The Santa Monica Community College District Board of Trustees adopted a budget Sept. 6 that will eliminate the winter session for 2013, the latest in a series of decisions that has driven a wedge between the college administration and a group of student organizers who pleaded with the trustees not to cancel the winter class schedule.
The budget that was approved did not include instructional costs for the winter session, which would have begun Jan. 3, 2013 and ended Feb. 9.
According to Director of Fiscal Services Chris Bonvenuto, SMC’s budget deficit for the 2012-13 fiscal year will be $4.02 million.
“With the continuing budget reductions that we are faced with and with the uncertainty of a midyear reduction, the college board is not scheduling a winter session so that we can minimize the effect of any change that may happen with the tax proposal,” said Santa Monica College President Dr. Chui Tsang.
The tax proposal that Tsang was referring to is Proposition 30, a ballot measure that if approved by the electorate on Nov. 6 would increase taxes on wealthier residents and raise the state’s sales tax from 7.25 percent to 7.5 percent.
Education advocates say that without funding from the ballot proposition, deep reductions in school funding will occur.
A group of student organizers led a protest march around the campus an hour prior to the board meeting. Chanting slogans such as “our school is not your piggy bank,” the organizers – many of whom participated in demonstrations at the college earlier this spring – claim eliminating winter classes would further harm students who are on the road to graduation.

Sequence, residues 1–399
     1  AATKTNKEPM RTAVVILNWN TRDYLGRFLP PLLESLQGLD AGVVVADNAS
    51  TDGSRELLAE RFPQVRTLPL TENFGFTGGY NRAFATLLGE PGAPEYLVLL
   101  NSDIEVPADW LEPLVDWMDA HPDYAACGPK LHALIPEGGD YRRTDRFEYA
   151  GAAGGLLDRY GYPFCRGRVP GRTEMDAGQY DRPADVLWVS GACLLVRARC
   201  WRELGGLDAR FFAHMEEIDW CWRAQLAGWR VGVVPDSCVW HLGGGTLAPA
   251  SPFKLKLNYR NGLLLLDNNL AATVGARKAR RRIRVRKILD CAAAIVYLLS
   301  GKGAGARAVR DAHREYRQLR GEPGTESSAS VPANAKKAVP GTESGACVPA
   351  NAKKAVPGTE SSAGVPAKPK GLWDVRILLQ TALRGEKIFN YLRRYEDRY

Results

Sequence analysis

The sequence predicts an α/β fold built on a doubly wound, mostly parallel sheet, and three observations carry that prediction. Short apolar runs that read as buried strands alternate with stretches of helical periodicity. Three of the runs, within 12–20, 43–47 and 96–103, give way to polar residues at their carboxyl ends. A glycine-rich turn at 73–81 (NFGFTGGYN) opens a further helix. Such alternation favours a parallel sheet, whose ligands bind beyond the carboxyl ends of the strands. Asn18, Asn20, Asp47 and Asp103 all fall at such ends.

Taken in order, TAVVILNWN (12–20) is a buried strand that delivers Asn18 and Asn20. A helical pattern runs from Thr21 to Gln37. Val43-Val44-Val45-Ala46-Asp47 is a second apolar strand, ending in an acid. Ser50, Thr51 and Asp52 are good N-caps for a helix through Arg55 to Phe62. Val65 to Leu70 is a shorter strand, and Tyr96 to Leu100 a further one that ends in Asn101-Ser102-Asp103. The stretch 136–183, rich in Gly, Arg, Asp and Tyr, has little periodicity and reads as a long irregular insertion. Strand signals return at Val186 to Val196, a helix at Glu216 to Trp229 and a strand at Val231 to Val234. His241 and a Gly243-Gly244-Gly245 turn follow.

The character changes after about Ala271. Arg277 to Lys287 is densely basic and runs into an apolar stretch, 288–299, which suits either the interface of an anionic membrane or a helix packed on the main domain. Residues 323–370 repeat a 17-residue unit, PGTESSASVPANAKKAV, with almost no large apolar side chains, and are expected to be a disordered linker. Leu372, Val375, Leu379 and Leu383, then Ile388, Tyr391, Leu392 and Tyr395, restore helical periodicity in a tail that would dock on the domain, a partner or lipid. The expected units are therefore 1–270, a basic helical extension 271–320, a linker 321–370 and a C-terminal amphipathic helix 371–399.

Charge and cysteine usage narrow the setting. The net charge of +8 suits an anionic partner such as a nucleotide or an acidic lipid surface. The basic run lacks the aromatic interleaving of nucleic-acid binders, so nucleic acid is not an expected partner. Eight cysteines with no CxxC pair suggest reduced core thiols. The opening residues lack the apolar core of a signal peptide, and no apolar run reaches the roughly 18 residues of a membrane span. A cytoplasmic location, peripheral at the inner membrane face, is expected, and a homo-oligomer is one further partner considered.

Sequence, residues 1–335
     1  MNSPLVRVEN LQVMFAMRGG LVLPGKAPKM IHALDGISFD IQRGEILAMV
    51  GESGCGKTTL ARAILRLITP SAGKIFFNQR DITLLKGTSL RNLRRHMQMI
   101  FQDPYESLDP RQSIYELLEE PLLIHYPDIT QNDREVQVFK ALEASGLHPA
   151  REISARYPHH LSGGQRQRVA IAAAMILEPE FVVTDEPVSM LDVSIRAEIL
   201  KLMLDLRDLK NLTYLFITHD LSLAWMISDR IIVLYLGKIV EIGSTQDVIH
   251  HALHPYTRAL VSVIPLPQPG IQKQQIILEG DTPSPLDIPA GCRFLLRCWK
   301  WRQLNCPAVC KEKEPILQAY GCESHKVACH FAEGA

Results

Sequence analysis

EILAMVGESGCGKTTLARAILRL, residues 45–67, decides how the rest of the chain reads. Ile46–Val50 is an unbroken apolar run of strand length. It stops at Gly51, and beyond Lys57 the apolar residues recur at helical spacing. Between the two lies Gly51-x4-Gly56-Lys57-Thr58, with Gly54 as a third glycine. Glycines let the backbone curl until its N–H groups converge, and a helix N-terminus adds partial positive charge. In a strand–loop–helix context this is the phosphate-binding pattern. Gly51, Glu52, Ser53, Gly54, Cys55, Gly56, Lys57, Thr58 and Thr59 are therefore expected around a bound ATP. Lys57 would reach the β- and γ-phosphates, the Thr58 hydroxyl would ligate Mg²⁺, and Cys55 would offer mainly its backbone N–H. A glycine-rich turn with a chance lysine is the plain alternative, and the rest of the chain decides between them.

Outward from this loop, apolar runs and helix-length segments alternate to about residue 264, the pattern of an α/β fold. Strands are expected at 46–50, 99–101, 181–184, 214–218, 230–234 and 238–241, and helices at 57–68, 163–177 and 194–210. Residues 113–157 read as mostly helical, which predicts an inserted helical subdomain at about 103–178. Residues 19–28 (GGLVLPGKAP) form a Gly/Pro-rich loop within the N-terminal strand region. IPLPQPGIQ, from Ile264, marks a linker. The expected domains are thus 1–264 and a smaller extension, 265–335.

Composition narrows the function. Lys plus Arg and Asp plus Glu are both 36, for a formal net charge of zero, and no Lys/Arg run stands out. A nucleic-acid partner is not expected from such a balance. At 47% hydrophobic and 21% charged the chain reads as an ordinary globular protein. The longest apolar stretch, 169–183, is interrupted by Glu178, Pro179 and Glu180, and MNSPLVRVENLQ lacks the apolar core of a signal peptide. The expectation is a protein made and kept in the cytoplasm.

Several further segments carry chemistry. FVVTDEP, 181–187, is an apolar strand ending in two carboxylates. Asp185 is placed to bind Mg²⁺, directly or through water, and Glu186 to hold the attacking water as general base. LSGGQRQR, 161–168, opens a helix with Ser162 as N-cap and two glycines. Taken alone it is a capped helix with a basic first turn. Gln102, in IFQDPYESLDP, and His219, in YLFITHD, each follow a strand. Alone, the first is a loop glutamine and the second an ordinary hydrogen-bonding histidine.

Many also see this move as the latest in a series of decisions that goes against the concept of higher education.
Samaria Gomez, one of the student organizers of the campus protest, was mildly hopeful that the trustees would delay voting on eliminating winter classes or vote against the proposal.
“I hope they listen this time, but actions speak louder than words,” the student organizer said.
The decision to cancel winter classes came on the same day that an internal report was leaked that suggested that a pepper spraying incident April 3 outside the boardroom could have been avoided if the SMC administration had more police officers on campus.
The widely reported review of the police action where student protesters angered over a proposed two-tiered education system were pepper sprayed by Santa Monica College police cites members of the Student Organizing Committee.
The review recommends that the college “take a firmer approach in dealing with the SOC and other groups in the future that are desirous of organizing large gatherings.”
Earlier on April 3, students held a press conference to protest the planned implementation of contract education at the community college, in which the summer pilot program would have cost students $180 per unit for English, mathematics and science, which are some of the most highly sought courses.
The internal report also faults the college administration for not heeding the Santa Monica Police Department’s recommendation to hold the meeting at a different location.
“Following an incident involving the use of pepper spray by the college police at the April 3, 2012 Board of Trustees meeting, Santa Monica College Superintendent/President Tsang created a review panel chaired by Campus Counsel Robert Myers to conduct a review of the police response independent of the internal police investigation.